Question 12: NO
    Consider for a moment the legal minefield such a requirement would create. How would the end-user receive authorisation from the rightholder? This requirement itself would forbid the transfer of authorisation electronically through the Internet because, from the end-users’ perspective, the act of viewing legal authorisation electronically is indistinguishable from viewing a web page.

    Question 27: I don’t find the argument that rightholder needs to be compensated for statutory exceptions particularly convincing. When the law grants something in general and then takes a specific part of it away through exception a few paragraphs later, it’s as if it didn’t grant that specific part in the first place. These exceptions also broaden the market and thus indirectly increase the rightholders’ income. Encumbering them with any kind of direct compensation is detrimental to this benefit.

    Question 48: The law should reflect that the first and foremost interest of every scientist is to spread the results of his or her research as far and wide as possible. Their scientific career literally requires it (it’s sometimes described as “publish or perish”). Copyright monopoly only gets in the way because it is designed to do the exact opposite.

    Question 62: The copyright law clearly favors large companies and treats creators of non-commercial culture in the digital environment as second-rate citizens. Back in 1886, when the original Berne Convention was written, it was unthinkable that copyright could ever interfere with non-commercial culture. The law now also needs to protect the rights of authors who create for non-commercial reasons, especially against hostile commercial interests. See my answer to question 7.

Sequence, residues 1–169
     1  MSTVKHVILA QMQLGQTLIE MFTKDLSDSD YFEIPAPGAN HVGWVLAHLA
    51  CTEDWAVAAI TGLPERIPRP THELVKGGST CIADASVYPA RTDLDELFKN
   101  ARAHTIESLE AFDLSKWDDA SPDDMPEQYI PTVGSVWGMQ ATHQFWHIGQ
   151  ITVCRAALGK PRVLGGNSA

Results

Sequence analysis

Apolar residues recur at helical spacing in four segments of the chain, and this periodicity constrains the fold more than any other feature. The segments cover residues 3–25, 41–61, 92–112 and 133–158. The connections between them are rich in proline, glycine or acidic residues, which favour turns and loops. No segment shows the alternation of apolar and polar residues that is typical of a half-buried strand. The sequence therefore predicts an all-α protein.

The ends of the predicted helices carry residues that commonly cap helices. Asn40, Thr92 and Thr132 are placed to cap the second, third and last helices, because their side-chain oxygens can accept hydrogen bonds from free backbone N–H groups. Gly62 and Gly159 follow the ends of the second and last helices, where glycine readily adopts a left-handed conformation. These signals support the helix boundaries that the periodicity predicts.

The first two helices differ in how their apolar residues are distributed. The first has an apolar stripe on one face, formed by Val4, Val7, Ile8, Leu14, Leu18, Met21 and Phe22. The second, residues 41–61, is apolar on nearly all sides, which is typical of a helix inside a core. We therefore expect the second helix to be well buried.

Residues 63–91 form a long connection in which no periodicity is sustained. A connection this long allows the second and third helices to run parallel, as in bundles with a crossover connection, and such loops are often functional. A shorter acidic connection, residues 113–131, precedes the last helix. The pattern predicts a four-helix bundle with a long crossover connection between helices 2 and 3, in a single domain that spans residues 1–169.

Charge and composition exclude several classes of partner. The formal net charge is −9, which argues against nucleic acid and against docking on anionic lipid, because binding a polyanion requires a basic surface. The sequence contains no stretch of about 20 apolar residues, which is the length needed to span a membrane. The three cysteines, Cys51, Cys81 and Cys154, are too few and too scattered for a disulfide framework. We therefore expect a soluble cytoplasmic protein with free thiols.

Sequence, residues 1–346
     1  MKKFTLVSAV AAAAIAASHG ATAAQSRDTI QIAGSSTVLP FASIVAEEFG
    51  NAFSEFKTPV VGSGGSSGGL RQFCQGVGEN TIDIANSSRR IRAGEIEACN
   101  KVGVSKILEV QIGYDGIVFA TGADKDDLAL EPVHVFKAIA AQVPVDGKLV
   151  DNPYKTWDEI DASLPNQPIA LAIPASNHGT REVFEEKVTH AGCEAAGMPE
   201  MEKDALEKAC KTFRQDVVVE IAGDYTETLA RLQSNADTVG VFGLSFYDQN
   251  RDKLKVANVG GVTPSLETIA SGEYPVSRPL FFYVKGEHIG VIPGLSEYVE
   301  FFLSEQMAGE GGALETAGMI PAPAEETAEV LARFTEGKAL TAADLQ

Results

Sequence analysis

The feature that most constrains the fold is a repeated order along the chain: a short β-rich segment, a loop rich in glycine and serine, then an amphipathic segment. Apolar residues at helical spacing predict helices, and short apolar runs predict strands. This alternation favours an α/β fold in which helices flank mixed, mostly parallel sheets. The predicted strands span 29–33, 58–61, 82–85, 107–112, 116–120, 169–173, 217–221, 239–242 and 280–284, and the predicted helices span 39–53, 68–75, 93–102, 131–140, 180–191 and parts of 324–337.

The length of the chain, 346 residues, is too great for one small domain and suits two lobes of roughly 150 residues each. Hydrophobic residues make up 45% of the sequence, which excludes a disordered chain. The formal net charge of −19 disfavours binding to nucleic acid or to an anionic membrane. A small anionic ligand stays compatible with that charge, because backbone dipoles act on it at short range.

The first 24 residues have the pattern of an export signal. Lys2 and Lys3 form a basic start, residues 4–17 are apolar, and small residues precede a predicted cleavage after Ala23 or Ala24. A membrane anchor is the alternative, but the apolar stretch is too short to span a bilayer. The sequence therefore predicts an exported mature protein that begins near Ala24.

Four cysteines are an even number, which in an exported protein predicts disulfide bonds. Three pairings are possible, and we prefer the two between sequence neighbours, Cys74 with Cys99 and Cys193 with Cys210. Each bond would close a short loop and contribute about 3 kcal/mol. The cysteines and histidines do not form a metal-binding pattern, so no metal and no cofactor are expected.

Question 75: I tentatively support this under the condition that EU copyright directive will include an explicit ban on criminal prosecution of copyright infringement that will be binding to all EU member states.

    Question 76: Intermediaries that do not host any content themselves should be explicitly banned by law from taking any action related to copyright enforcement. Upholding the law is the job of courts and state, not of private individuals or private companies. Directly involving private companies in copyright enforcement or allowing copyright holders to blackmail service providers by legal threats into enforcing copyright independently creates significant threat of private censorship.

    1. Anonymous

      which is exactly why it’s done and exactly why politicians wont do anything to stop it. it keeps the monopolies in force that copyright holders want and pay to get laws changed and/or introduced to stop the public from gaining access without paying, not just once but for every different format wanted. that is also why there is such lapse agreement over standards. the more there are, the more money can be squeezed out of the public! everything is done to keep copyright holders in charge, in control and in pocket and the public with as little say in anything! and basically, no government gives a fuck!!

  6. Anonymous

    the way certain industries, corporations and companies have manipulated laws to give them monopolies and the way politicians and law makers have done what they can to ensure the monopolies exist and grow is disgraceful! one way of curbing it would be to enact laws that prosecute politicians and law makers for receiving ‘donations’ from lobbyists and another would be to penalise just as hard against false take downs as against industries claims of infringement. considering how democracy itself is actually in the balance here, with it tipping less and less in democracies favour, how nice it was to read how a new democratic nation has emerged out of conflict! Tunisia has now become a democratic nation with a government and mandate that puts the likes of the USA and the UK, two of the supposed strongest supporters of democracy, until those in power now came to power, that is, to absolute shame and disgrace!! good for you, Tunisia! you shame the rest of the World!